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    * He *

    وی ، او

    (Wikipedia) - He This article is about the English personal pronoun. For other uses, see He (disambiguation).

    He (/ˈhiː/, unstressed /i/) is a masculine third-person, singular personal pronoun (subjective case) in Modern English, as well as being a personal pronoun in Middle English.

    Personal pronouns in standard Modern English Singular Plural Subject Object Possessive determiner Possessive pronoun Reflexive Subject Object Possessive determiner Possessive pronoun Reflexive First Second Third Masculine Feminine Neuter Nonspecific
    I me my mine myself we us our ours ourselves
    you your yours yourself you your yours yourselves
    he him his himself they them their theirs themselves
    she her hers herself
    it its itself
    they them their theirs themself (themselves)


    Usage People

    "He" can be used as a substitution of a male''s name.


    "He" and "she" are often used to refer to domesticated animals and sometimes non-domesticated animals of the respective sex.

    Gender neutral See also: Gender-neutral_pronoun § English

    A study has shown that "there was a rather extended period of time in the history of the English language when the choice of a supposedly masculine personal pronoun (him) said nothing about the gender or sex of the referent."

    The use of "he" to refer to a person of unknown gender was often prescribed by manuals of style and school textbooks from the early 18th century until around the 1960s, an early example of which is Anne Fisher''s 1745 grammar book "A New Grammar".

    This may be compared to usage of the word man to humans in general.

    Gender-specific pronouns were also prescribed when one might presume that most members of some group are the same gender (although in recent times, such presumptions are sometimes seen as offensive).


    The pronoun He, with a universally capitalized H, is often used to refer to the Supreme Being, or in Christian contexts, to Jesus Christ; "It", with a capitalized I, is also used when speaking of the Supreme Being''s nature or Godhead, or in Christian contexts, to refer to the Logos; capitalized "He" and "It" have both been used to refer to the Holy Spirit. In Catholic Christian circles, the Blessed Sacrament is also referred to with the capitalized pronoun "It".

    Gender Main article: Gender in English

    The gender system in Modern English is generally natural, semantic and logical; however it is most similar to languages whose gender systems primarily distinguish between the animate and inanimate, and between the personal and impersonal. In the table RP stands for relative pronoun and PP for personal pronoun.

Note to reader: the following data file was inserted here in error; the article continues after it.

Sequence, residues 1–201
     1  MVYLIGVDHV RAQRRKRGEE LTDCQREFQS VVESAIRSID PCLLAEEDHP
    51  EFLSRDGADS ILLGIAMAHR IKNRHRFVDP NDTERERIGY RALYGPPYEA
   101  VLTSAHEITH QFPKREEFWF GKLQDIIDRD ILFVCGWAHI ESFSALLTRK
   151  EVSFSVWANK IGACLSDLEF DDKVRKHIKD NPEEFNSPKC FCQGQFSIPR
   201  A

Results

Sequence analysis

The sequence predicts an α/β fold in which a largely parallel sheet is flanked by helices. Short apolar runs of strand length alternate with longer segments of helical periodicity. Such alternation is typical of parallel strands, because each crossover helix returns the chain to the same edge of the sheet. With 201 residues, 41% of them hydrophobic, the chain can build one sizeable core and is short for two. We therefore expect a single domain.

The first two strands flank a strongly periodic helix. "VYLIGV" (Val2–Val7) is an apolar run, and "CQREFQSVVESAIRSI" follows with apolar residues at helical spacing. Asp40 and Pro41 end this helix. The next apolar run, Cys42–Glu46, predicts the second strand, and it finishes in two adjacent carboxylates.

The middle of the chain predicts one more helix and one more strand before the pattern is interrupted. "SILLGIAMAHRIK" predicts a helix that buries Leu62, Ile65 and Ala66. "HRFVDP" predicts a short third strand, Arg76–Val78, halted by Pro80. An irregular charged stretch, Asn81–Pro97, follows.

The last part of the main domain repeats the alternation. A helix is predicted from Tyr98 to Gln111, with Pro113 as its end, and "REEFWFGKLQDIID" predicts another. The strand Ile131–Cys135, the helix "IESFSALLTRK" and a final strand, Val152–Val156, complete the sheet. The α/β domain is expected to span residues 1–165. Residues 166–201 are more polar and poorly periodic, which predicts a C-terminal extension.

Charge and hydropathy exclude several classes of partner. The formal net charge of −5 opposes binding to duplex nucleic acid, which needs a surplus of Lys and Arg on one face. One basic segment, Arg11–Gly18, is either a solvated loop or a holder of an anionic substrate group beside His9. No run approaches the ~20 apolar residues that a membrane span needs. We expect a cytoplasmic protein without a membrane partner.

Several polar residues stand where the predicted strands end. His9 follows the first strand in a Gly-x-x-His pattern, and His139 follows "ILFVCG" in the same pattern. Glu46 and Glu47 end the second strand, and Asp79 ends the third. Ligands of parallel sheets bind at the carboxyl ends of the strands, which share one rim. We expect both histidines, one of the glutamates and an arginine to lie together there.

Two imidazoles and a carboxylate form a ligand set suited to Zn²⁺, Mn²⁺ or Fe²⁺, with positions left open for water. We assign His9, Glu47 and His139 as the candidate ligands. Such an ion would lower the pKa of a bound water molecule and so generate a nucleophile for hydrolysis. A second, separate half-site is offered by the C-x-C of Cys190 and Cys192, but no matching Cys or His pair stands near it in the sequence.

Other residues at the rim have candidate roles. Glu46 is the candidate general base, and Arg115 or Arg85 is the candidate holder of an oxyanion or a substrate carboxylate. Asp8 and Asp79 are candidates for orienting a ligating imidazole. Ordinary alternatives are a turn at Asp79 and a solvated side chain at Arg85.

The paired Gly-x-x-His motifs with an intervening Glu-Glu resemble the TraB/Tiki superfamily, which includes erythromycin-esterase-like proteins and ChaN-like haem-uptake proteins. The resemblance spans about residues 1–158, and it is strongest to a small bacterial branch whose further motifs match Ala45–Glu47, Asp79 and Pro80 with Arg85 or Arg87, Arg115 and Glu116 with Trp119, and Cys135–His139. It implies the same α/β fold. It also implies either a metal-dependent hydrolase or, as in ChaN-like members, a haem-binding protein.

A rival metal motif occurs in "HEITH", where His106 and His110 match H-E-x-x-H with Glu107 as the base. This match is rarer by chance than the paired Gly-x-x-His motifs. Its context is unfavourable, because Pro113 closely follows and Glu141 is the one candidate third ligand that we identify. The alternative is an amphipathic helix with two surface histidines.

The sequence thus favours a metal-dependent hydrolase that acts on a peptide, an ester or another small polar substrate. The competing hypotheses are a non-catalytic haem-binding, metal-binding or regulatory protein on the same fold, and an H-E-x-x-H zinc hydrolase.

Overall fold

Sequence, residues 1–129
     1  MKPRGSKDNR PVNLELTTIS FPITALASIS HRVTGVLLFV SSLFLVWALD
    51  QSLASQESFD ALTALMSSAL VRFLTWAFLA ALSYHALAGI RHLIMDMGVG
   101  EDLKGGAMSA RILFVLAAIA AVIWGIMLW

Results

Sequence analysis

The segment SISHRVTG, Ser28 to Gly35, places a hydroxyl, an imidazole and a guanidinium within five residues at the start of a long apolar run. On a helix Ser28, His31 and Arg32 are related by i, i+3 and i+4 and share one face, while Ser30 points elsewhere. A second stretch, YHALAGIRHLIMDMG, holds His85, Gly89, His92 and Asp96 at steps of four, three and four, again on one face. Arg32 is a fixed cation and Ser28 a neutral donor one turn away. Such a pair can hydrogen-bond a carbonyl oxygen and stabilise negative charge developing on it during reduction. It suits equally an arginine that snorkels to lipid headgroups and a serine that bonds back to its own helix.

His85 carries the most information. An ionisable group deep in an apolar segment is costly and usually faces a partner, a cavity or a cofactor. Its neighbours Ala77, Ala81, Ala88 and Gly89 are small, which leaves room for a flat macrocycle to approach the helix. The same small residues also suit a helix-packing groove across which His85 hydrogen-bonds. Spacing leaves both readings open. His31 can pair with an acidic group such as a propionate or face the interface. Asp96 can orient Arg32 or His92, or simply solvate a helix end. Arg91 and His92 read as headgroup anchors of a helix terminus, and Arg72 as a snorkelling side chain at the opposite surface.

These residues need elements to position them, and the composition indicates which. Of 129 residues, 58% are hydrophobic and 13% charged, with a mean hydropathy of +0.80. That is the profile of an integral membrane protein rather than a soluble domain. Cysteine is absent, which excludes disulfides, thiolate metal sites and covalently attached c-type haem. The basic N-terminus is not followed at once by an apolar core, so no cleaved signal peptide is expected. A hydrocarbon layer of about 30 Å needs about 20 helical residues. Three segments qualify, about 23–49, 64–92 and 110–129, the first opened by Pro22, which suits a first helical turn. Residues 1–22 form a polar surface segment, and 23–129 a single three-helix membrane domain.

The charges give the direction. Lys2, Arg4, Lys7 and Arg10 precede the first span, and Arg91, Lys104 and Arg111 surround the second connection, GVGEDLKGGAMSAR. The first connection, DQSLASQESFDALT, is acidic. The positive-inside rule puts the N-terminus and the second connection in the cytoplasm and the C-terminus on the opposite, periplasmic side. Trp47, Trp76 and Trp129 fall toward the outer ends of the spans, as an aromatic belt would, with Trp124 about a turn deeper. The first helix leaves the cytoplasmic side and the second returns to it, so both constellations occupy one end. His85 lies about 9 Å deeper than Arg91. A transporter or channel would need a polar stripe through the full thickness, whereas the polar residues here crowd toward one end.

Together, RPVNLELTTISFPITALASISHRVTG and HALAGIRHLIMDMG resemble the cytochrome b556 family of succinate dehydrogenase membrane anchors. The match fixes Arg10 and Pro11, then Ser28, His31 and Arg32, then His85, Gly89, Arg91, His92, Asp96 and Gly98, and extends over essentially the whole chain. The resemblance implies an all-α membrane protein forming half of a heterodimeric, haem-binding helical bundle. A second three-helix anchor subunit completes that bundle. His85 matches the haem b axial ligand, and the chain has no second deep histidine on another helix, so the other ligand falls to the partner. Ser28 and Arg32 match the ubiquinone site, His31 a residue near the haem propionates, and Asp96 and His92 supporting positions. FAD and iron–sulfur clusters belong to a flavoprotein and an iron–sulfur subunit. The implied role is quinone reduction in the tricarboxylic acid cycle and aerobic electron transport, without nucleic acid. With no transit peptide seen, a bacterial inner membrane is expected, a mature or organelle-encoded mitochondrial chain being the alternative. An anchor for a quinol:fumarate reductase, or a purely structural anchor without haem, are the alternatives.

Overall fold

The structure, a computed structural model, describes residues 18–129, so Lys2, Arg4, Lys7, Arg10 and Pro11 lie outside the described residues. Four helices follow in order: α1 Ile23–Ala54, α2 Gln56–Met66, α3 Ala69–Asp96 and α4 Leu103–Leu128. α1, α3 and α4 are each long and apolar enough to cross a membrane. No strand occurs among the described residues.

Gender classes in Modern English
    Gender Class Example RP PP
    animate personal 1. male brother who he
    2. female sister who she
    3. dual doctor who he/she, he, they
    generic 4. common baby who which he/she/it it
    5. collective family which who it they
    impersonal 6. higher male animal bull which (who) he/it he
    7. higher female animal cow which (who) she/it she
    8. lower animal ant which it (he/she)
    inanimate 9. inanimate carbon rod which it

    Notes: RP is relative pronoun and PP personal pronoun. Alternatives are presented in three ways: slash (/) — used equally; above & below — first preferred; parentheses "()" — disputed or unusual usage.

    Etymology Indo-European

    The reconstructed Indo-European language provides a demonstrative pronoun ko.


    English is a development of the West Germanic language family.

    Old English Old English pronouns Nominative IPA Accusative Dative Genitive 1st Singular Dual Plural 2nd Singular Dual Plural 3rd Singular Masculine Neuter Feminine Plural
    mec / mē mīn
    wit uncit unc uncer
    ūsic ūs ūser / ūre
    þū þec / þē þē þīn
    ġit incit inc incer
    ġē ēowic ēow ēower
    hine him his
    hit hit him his
    hēo hīe hiere hiere
    hīe hīe heom heora

    Speakers of Old English (OE) considered each noun to have a grammatical gender — masculine, feminine or neuter. Pronouns were generally (but not always) selected to have the same grammatical gender as the noun they referred to. For example, dæg ''day'') was masculine, so a masculine pronoun was used when referring to a day or days. The pronoun "he" was written he, as in Present-Day English (PrDE), but pronounced hē , rather like PrDE hay.

    Middle English Personal pronouns in Middle English Singular Plural Nominative Oblique Genitive Nominative Oblique Genitive First Second Third Impersonal Masculine Feminine
    ik / ich / I me my(n) we us oure
    þou / thou þee / thee þy(n) / thy(n) ȝe / ye ȝow / you ȝower / your
    hit hit / him his he þei / they hem þem / them her þeir / their
    he him his
    ȝho / scho / sche hire hire

    There was one change to the inflection of the masculine pronoun in Middle English. The OE dative form him replaced the OE accusative hine . This meant that, in Middle English, there was no distinction between masculine and impersonal, except in the subject case of the third-person singular, until it from hit replaced him in the object case of the impersonal. Some people believe "there was rather an extended period of time in the history of the English language when the choice of a supposedly masculine personal pronoun (him) said nothing about the gender or sex of the referent."

    See also
    • v
    • t
    • e
    Modern English personal pronouns
    • I
    • he
    • she
    • it
    • one
    • we
    • you
    • they


    • y''all
    • ye
    • yinz


    Tags:Christ, Christian, Gender, Jesus, Jesus Christ, Wikipedia

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